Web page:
Ghosts

John and Mary had been saving money for a long time to make the initial payment to buy their own house. By their calculation, they were still a few years away from having enough money to buy the house of their dreams; a small unit with two floors in a quiet neighborhood of San Jose. They could not believe when their real estate agent friend told them that because of the housing crash, they already had enough money to buy a house.Now. Not years from now, but now. In fact Estella had a house she could show to them. It was one of those abandoned properties that was now some bank’s liability and the bank had put the house on the market on a throwaway price. They went to see the house and fell in love with it on the first sight. Like all abandoned properties, it needed some fixing to do but it wasn’t that bad. They did not have to wait anymore.

Mary, being a stay home wife, started the fixing and decorating as they moved in and within a few days, they had made that house a perfect home for them to live and have kids and raise them.

But there was something that was not so right with the house.

There was a night when John was working the night shift when he received a call from Mary’s cell phone. It was very early the morning and John wondered why Mary was using the cell phone and not the home phone. When he answered the call, he heard a terrified Mary asking him to come home immediately. She wouldn’t tell him what was wrong. She just kept crying and pleading John to come home. John drove home that was only a few miles away. When he got home, he saw Mary sitting on the steps outside the house in her nightgown shivering in a perfectly warm night. John ran to her and took Mary in her arms.

“What’s the matter honey? Are you alright?”

“I’m scared, “answered Mary, “I was sleeping and I was woken up by the sound from the other bedroom. The sound…”

“All houses make sounds honey,” John said cutting her off.

“No, no, not that kind of sound.”

“What did you hear?”

“I heard…I heard a baby crying.” Mary said and broke into tears.

“You were sleeping. Maybe you dreamed about it and woke up.” John said consolingly while rubbing her back with his hand.

“No. It wasn’t a dream. It continued after I woke up. It continued for a long time. I could hear it so clearly. I was frozen with fear and couldn’t move. And then when the sound stopped, I grabbed my phone and ran out and called you.” She said, sobbing.

John helped Mary inside the house assuring her that it was just a hallucination.

But strange things kept happening. One night, John could swear that he too heard a baby crying but he dismissed it again as his mind playing tricks on him, something caused by Mary’s episode. Then there were other sounds, people talking to each other, whispering, and sometimes giggling. John kept reassuring Mary that they were just paranoid due to what happened when Mary hallucinated about hearing a child crying.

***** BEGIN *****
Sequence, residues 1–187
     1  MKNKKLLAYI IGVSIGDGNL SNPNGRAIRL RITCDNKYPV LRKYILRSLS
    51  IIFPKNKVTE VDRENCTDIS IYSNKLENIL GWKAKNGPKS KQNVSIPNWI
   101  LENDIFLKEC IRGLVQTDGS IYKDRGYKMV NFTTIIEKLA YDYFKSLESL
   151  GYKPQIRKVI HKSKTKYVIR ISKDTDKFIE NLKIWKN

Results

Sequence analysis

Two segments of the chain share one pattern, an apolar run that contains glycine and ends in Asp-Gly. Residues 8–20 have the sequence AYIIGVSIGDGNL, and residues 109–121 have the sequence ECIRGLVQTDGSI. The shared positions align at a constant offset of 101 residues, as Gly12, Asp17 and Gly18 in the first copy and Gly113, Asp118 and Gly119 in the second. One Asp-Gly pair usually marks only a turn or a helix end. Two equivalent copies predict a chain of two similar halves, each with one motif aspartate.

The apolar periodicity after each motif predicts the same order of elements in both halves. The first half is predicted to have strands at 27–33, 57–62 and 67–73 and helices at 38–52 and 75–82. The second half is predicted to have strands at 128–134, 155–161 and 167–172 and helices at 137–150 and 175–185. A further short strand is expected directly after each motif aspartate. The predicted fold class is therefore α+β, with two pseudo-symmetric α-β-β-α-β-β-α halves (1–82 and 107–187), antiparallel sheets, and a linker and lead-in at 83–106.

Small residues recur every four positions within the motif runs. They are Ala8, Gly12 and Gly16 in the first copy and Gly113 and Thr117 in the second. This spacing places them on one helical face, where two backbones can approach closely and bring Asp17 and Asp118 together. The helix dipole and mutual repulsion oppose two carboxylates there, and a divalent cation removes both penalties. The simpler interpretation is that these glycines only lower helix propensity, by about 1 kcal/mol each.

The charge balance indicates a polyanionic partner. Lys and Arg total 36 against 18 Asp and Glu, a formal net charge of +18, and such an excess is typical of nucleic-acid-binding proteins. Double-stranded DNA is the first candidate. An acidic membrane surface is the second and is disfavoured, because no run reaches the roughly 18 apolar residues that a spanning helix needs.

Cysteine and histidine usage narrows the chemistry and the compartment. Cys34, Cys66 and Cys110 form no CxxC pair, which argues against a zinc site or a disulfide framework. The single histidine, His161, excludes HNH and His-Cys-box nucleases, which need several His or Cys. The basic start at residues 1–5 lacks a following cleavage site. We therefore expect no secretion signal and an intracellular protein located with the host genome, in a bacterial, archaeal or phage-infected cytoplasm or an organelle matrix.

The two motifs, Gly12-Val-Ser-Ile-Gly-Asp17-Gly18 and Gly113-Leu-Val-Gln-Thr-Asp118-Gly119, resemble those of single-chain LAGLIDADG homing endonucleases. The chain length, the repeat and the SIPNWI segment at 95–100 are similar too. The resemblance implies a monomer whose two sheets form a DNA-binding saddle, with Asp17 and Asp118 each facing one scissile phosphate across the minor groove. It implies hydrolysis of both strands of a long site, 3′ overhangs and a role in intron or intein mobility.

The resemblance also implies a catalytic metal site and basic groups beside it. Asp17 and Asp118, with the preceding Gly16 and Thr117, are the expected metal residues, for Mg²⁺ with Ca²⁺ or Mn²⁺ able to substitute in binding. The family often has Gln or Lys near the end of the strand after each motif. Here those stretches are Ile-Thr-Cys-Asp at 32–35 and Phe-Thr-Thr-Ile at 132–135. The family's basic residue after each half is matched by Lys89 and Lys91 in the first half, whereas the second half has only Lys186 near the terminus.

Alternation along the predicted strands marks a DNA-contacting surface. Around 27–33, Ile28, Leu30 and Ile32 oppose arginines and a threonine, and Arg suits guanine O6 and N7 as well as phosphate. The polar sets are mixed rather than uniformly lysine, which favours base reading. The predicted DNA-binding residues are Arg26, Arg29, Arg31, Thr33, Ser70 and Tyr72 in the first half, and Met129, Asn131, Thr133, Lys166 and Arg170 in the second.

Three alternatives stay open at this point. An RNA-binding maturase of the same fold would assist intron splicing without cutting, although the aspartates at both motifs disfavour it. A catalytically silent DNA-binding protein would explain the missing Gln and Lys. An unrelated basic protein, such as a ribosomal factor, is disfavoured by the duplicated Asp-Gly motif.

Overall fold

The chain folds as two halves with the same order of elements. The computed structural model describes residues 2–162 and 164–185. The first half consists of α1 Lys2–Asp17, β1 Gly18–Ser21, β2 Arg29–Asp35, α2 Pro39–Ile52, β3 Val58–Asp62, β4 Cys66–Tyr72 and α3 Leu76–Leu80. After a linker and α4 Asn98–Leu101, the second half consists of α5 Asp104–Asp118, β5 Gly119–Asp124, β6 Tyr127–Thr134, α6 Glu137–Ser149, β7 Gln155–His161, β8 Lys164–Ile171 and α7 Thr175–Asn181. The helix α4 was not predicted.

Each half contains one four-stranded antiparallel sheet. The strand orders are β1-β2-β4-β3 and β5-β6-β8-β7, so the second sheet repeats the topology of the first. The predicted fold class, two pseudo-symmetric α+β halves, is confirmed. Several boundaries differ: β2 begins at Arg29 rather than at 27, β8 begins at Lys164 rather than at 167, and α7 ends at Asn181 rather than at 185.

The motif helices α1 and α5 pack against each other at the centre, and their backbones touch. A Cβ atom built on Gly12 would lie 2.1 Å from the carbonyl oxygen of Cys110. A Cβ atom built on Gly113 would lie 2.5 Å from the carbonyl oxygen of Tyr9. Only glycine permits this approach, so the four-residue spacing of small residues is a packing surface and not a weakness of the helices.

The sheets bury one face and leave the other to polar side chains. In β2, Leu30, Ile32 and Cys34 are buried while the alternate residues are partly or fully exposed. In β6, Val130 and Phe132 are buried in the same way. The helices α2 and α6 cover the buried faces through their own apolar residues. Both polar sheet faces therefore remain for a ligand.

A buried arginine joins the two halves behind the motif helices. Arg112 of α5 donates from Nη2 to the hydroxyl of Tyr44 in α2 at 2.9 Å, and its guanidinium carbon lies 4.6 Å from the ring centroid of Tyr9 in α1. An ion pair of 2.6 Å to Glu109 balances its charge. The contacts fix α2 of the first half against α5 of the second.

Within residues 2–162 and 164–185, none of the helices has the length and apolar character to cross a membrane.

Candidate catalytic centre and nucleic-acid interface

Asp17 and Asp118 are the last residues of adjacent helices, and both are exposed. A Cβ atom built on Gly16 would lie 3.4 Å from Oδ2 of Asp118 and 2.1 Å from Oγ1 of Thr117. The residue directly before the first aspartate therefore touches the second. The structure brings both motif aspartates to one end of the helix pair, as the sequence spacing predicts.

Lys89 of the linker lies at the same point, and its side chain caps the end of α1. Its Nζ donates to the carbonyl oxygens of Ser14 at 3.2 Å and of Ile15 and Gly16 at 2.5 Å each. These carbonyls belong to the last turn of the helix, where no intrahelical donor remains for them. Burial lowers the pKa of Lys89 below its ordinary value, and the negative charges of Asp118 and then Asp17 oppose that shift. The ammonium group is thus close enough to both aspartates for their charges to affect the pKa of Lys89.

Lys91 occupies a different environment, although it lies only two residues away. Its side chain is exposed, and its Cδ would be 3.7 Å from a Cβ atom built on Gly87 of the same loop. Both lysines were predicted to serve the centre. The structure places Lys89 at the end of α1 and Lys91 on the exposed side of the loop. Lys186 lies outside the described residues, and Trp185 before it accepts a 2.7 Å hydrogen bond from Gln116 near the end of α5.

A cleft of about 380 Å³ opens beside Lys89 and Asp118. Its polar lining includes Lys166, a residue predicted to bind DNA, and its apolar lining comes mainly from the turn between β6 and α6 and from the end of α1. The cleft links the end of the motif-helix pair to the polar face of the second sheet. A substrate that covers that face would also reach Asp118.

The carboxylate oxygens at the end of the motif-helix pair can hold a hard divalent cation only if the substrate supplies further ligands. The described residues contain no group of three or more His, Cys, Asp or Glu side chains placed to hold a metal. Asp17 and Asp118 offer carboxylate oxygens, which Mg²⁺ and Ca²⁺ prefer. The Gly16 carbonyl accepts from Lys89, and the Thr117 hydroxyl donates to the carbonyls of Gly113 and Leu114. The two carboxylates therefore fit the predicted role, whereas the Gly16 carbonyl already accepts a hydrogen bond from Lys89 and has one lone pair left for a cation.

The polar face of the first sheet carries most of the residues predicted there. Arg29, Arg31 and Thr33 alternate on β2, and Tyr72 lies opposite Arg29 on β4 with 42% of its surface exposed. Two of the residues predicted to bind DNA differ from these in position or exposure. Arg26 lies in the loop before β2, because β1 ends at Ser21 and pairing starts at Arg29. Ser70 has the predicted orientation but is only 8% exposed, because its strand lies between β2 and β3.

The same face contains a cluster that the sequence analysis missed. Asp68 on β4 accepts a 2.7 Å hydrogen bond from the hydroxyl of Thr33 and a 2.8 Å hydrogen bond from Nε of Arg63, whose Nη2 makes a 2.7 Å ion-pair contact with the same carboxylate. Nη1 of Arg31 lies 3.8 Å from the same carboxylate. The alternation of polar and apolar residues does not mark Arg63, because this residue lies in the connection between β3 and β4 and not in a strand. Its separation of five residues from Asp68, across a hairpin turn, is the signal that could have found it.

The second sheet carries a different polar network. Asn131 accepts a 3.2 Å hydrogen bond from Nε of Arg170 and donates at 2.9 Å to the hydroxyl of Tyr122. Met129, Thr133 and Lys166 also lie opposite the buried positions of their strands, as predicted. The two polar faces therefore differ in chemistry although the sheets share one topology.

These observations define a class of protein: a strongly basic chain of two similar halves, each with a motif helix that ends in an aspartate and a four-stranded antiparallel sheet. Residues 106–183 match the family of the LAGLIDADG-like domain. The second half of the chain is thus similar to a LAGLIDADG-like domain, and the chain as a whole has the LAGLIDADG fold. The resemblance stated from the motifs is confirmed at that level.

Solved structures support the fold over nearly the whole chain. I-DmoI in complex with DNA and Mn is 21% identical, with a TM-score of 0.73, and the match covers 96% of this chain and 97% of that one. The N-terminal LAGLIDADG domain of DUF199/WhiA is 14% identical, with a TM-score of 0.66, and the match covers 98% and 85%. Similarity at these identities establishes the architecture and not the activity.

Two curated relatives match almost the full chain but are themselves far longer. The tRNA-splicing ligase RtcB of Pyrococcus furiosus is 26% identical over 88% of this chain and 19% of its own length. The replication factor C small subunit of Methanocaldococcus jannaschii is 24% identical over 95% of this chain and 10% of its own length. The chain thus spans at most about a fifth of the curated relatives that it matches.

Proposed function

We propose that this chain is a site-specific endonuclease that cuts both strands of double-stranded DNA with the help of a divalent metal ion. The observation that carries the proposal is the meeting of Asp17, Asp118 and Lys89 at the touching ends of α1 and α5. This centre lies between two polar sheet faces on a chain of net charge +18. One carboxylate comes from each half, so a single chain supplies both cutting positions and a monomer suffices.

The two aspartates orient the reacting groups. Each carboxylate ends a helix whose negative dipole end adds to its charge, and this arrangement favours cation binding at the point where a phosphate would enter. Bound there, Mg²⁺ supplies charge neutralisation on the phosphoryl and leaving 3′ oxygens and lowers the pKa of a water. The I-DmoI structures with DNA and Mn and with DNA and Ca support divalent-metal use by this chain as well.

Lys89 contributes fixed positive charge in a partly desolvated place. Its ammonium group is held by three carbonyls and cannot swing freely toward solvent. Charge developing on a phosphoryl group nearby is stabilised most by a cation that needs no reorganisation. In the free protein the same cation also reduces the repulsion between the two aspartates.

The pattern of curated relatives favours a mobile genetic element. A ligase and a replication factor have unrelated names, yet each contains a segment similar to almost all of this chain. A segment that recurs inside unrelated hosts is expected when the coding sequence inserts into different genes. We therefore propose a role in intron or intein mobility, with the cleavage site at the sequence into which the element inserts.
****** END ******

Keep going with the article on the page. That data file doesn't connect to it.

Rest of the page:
It only took John a few days to realize that he was wrong. That was the night of the party.

They, John and Mary, were not the ones who were having a party. They were sleeping in their bed. This time it was John who woke up, not because he heard any noises, but because he was thirsty.
John went downstairs to the kitchen to get water. The kitchen was part of the living area and it had a big window through which you could see the backyard. The window was covered with drapes and as John entered the kitchen, he saw flickering lights filtering in to the kitchen through the slits of the drapes. Curiously, John parted the drapes and what he saw sent a chill through his spine. There were people, backyard full of people, dressed for a party, drinking, laughing, dancing. The backyard was lit with different colors of lights. At the center of the crowd was a young man donning a black gown and he seemed like the center of attraction of the whole crowd. He had a big grin on his face. John kept looking at the scene thinking that he was just having a dream and he is going to wake up any moment now. He actually made a conscious effort, trying to make his mind wake him up, to no avail. He stood there for a long time mesmerized. The strangest thing was that there were a lot of people who looked like talking and laughing loudly but John couldn’t hear a thing. The scene was completely silent. The first sound he heard didn’t come from the party going on in the backyard. It came from behind him, the sound of a loud intake of breath, a big gasp. He turned around and saw Mary who was standing with wide eyes fixated on the scene in the backyard with her hands on her mouth. All blood had drained from her face. John hurriedly put the drapes back and hugged Mary who was shaking violently.

That night, they checked into a motel.

The first thing John did the next morning was to call Estella to find out who were the previous owners of their house.

“I don’t know. You bought this property from a bank since it was an abandoned property. I can check with the bank to find out. Why? Why do you want to know?”

“We want to know why they abandoned the house.” John replied.

Estella had the information in a couple of hours. Previous owners: David and Tiffany Rodriguez, current address: unknown.

John picked the phone book up and started calling every David Rodriguez. He had little hope to find the one he was looking for. The first five people he called told him that they had never lived at that address. It was the sixth one who said, “Why? Who wants to know?” John explained to him calmly that he wasn’t calling from any bank or any sort of similar organization. He was calling because they had bought David’s old house and they wanted to know a few things, some unusual things. After some hesitation, David agreed to meet them but refused to give John his address. Instead, he gave John the name of a coffee shop in a small town some 20 miles from San Jose and told him that he would meet them the next day at the coffee shop.